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Coaching to Flourish Season 3 | Episode 12

April 07, 2023 by Coach Training EDU

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Be Curious!

Raj Anderson and guest experts answer your coaching questions each week!

In Coaching to Flourish Season 3 Episode 12, Raj Anderson and Jen Torres discuss powerful topics especially relevant to new coaches, such as how to explain what coaching is to potential clients, why curiosity is so important to life coaching, personal branding, and tips for confidence and self-trust.

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Live Transcript (unedited)

[Raj Anderson] Okay. Hello. Welcome everyone to the Coaching to Flourish podcast, and I'm your host, Raj Anderson, executive life coach and coach assessor. I'm really excited because we are here today with Jen Torres, and we're continuing some of the themes around women's History Month. Some of you may have heard of Jen Torres, but we are gonna learn a bit more about her as we do what we normally do in our coaching to flourish. You know that we like to have guest speakers where we answer some of your key questions, we look at key coaching themes, and we're gonna learn some new insights today. 

So, Jen is an executive life coach. She has years of experience in the coaching field, she's an entrepreneur, she works with leaders, she is a trainer, she's a very good friend of mine, and she focuses on personal branding as well with her clients. So welcome Jen. How are you? 

[Jen Torres] I'm great. Thank you so much. I'm really excited to be here. 

[Raj Anderson] We're really excited to have you here. Um, I know we've got some questions for you in a moment. What, what else would be great for the listeners to know about you?

[Jen Torres] Uh, what would be great for listeners to know? Well, I wish I lived somewhere warm like you do. Um, but no, I think maybe just, the passion that comes behind what I do. I know you're the same way Raj. It's um, It's a responsibility, but it's also a blessing, working with people. So a lot of passion work that I do, in addition to working with executives, um, is working with teens and young adults. So often that's helping them kind of find their path, um, figure out who they are and what they wanna be and, or who they wanna be, maybe more importantly. But yeah, I think you covered most of it, or some of it may come out as we chat. Thank you for the introduction.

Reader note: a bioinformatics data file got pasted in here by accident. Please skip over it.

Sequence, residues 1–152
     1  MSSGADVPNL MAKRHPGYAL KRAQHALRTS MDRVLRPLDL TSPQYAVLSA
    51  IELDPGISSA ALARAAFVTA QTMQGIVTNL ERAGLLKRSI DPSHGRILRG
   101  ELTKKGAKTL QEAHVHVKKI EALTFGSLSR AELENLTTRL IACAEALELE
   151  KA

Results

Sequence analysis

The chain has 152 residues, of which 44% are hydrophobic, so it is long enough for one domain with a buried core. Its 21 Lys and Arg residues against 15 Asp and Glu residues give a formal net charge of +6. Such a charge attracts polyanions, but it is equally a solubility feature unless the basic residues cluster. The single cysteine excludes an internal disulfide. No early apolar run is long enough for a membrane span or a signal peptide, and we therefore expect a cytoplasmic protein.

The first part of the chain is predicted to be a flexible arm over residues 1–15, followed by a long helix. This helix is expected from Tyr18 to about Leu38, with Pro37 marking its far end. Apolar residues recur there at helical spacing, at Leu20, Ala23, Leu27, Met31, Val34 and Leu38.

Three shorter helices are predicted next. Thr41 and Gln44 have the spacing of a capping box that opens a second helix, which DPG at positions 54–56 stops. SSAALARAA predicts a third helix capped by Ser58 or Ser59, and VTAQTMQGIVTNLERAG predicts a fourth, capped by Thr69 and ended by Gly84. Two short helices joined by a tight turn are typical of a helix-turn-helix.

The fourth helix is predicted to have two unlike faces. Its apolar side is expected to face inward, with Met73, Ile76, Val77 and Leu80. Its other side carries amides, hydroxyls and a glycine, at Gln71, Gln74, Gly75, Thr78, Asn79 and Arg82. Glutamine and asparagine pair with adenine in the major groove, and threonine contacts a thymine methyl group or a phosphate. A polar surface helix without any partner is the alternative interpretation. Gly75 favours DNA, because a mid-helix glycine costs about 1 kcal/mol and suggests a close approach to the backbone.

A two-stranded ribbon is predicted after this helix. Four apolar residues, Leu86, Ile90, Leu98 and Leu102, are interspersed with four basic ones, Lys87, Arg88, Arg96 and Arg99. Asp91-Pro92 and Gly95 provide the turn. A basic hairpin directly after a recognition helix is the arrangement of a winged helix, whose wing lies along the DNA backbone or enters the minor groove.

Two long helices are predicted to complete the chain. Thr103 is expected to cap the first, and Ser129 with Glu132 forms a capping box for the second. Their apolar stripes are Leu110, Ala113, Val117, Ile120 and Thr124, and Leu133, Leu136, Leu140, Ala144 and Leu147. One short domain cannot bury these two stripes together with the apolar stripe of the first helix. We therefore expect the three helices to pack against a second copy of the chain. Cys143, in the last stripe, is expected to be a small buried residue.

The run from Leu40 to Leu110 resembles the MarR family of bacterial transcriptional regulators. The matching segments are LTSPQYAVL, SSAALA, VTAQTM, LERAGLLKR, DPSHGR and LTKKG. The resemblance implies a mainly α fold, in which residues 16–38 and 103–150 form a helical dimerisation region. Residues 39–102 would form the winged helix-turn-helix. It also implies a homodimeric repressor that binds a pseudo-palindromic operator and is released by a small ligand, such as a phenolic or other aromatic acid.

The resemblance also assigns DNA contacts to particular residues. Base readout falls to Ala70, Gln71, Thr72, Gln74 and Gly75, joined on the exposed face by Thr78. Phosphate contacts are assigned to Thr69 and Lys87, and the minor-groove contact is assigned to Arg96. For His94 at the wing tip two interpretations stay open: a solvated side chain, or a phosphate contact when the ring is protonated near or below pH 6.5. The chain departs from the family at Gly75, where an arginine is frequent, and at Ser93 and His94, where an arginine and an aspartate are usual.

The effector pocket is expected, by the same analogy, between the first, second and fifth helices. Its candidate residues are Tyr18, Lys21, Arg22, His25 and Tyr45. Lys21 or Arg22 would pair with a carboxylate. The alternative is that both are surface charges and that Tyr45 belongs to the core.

[Raj Anderson] And Jen, what got you into coaching? 

[Jen Torres] Hmm. I'll give the abbreviated version, but I was, uh, as you mentioned, an entrepreneur, so I had my own business for over 10 years, and actually had a life coach that I was working with. And I often credit her with me having the courage or even just asking, being asked the question - I wasn't feeling fulfilled anymore, I wasn't as motivated as I once was. And my coach asked, do you think maybe you are done? And I never, it didn't occur to me. Like you know, that inner voice we get, maybe I'm doing something wrong, I need to change something. Um, I hadn't asked myself that question. No one else around me who was close to me had asked, we just kind of - it was like I was in it and kept, you know how it is, you just keep going day after day. And the minute that she asked me that, my shoulders came down, I took a big sigh. I was like, ah, thank you. She gave me permission to explore something that I hadn't, for whatever reason, given myself the opportunity to ask.

And I, and it turns out I was done, and it was very clear. And so that opened up an opportunity to - well, I'm done, but now what's next? And it was actually that coach who suggested that maybe, um, coaching could be something for me. I think she noticed I'm naturally quite a curious person. Um, I love interacting with people. And so long story short, I am now where I am today.